I really hate him. I'm kind of sorry to use that language here, but it's how I feel. He's the only person I've ever wished harm to, and I could never imagine me being able to feel that way before it happened. I still wish him harm. I know I'm supposed to move on, but I just find it so hard that he did so much damage to me while he just walked right into another presumably happy relationship and a developing career, and I'm blasted. I had little good else to hold onto, and he had a stable and (apparently) trauma-free background. It just all stinks. If he'd been so hurt by the relationship, he couldn't have done those things.

Anyone wondering "why is this person writing all this here...?", I did journal years ago, but figured out it just made me more introverted and isolated, so I stopped. At least here there are other people in some sense. And if I didn't need to say all this still, then I guess I wouldn't be saying it.

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The kyriarchy usually assumes that I am the kind of woman of whom it would approve. I have a peculiar kind of fun showing it just how much I am not.

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Heather
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It's okay to rant here, but we will always ask users not to discuss doing anyone harm.

Is this something you just wanted to write out to get out then have be read, or would you like a response?

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Redskies
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Quite understandably. And I wasn't going to take that track any further.

I don't think most of it needs a response, I suppose. Sorry for the rant. I don't know what anyone could say anyway. I don't know, maybe a response might help, I seem to have been very short of anyone prepared to give any kind of properly supportive response to any of this.

If you have any suggestions for getting past feeling in the rant-space, that could be good. I liked what you said you did, thanks. I'm not sure how it could practically be applied to every situation I have trouble with, but it's definitely something that helps me go forward.

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The kyriarchy usually assumes that I am the kind of woman of whom it would approve. I have a peculiar kind of fun showing it just how much I am not.

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No, you don't need to be sorry, I just never want to give feedback when someone just wants to let loose. Feels like sometimes that can inadvertently step on what someone wants and needs, that's all.

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Redskies
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I do kind of feel silly now. I usually don't hold onto things much and work through them, but clearly I'm holding on to this badly, and it would be better to be gone, because it only affects me, you know? Rather than anyone else.

I think I would like some feedback. I think I'm used to saying "no, that's ok", because I think I'm used to thinking that someone won't want to give feedback.

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The kyriarchy usually assumes that I am the kind of woman of whom it would approve. I have a peculiar kind of fun showing it just how much I am not.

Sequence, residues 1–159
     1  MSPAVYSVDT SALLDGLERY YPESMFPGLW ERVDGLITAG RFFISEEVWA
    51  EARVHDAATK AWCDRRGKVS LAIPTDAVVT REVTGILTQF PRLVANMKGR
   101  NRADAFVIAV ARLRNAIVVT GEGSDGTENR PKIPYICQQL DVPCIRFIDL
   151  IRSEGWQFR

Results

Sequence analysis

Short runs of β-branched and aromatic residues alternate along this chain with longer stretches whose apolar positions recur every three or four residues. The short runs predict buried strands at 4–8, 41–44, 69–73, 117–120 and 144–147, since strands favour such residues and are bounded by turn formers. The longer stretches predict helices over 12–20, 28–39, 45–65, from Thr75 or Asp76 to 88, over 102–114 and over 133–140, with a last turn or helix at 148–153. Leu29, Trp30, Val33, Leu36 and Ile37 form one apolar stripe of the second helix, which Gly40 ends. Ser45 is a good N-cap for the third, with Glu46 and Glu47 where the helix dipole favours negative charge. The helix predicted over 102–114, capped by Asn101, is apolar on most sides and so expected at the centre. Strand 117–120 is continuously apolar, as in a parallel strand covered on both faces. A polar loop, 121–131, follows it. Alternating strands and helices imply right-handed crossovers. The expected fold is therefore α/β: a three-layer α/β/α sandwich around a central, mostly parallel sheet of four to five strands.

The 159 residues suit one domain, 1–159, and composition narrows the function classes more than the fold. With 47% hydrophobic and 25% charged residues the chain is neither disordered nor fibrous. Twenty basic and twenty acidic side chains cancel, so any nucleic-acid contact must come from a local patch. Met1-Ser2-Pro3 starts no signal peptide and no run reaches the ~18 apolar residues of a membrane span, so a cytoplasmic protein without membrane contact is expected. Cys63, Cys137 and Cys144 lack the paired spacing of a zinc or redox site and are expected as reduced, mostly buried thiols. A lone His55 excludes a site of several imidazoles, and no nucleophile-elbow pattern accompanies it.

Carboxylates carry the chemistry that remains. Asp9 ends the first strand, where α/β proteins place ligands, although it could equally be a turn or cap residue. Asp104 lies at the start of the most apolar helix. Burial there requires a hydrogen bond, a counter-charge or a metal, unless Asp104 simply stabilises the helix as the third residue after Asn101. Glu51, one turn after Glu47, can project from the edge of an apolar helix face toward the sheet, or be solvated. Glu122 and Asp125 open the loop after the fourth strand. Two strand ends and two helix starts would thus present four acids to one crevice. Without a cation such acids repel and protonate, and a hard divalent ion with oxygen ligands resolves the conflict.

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Heather
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I don't think any of this is silly, Redskies. Emotional abuse is like every other kind: it hurts people, and getting hurt creates wounds, and like all other kinds of wounds, they take time to heal.

I don't think it can ever just be "gone." However, as time passes and we work through our feelings and processes, it can have less impact, we can be more at peace with hurt in the past AS in the past and leave a lot of it there so we can move into the present without it weighing us down. Know what I mean?

I'm happy to give more feedback, no worries.

One thing that leapy out at me there was your assumption he's in a happy relationship. If this person hasn't changed, chances are good that at least one person -- his partner -- isn't so happy. That obviously sucks for them, but even the idea he is seems iffy to me. People who can't interact in healthy ways with other people don't tend to be happy. They might be kind of blissfully ignorant, kind of, but you know, when people like that do go and get help, they will tend to voice that they knew something was really not okay with them for a long time.

That is not to say you have to forgive this person or feel sorry for him, etc. I'd just not assume you're the only one with a burden, here. Besides, you don't have to live with him 24/7 anymore: he still does.

Too, his friends acting like they were? Again, we're talking about the friends of what sounds like an unhealthy person. Personally, I'd try not to give them so much weight, if you can.

I also think you can strongly feel dislike towards this person AND move on. I don't think they are mutually exclusive. I also think it is 100% okay for you to feel that way, and beyond understandable.

But what I do feel like I see, and think you do too, is holding on pretty tightly to this person's view of you. My suggestion is to think about his credibility. In other words, when we put a lot of value in how someone has viewed or treated us, one assumes that's because we feel that person is admirable or otherwise of high value. With people we don't feel that way about, we will tend to not give their opinions much weight because...well, they don't deserve much, if you catch my drift.

So, it might be worth thinking about why you're still giving this person so much power over you in this way, which is obviously the last thing you want. That might also be a different way to look at letting some of this go: as not just about letting go of your hurt and anger, but perhaps first, or even more, as setting yourself free of this person's influence over you, giving them the control they clearly wanted.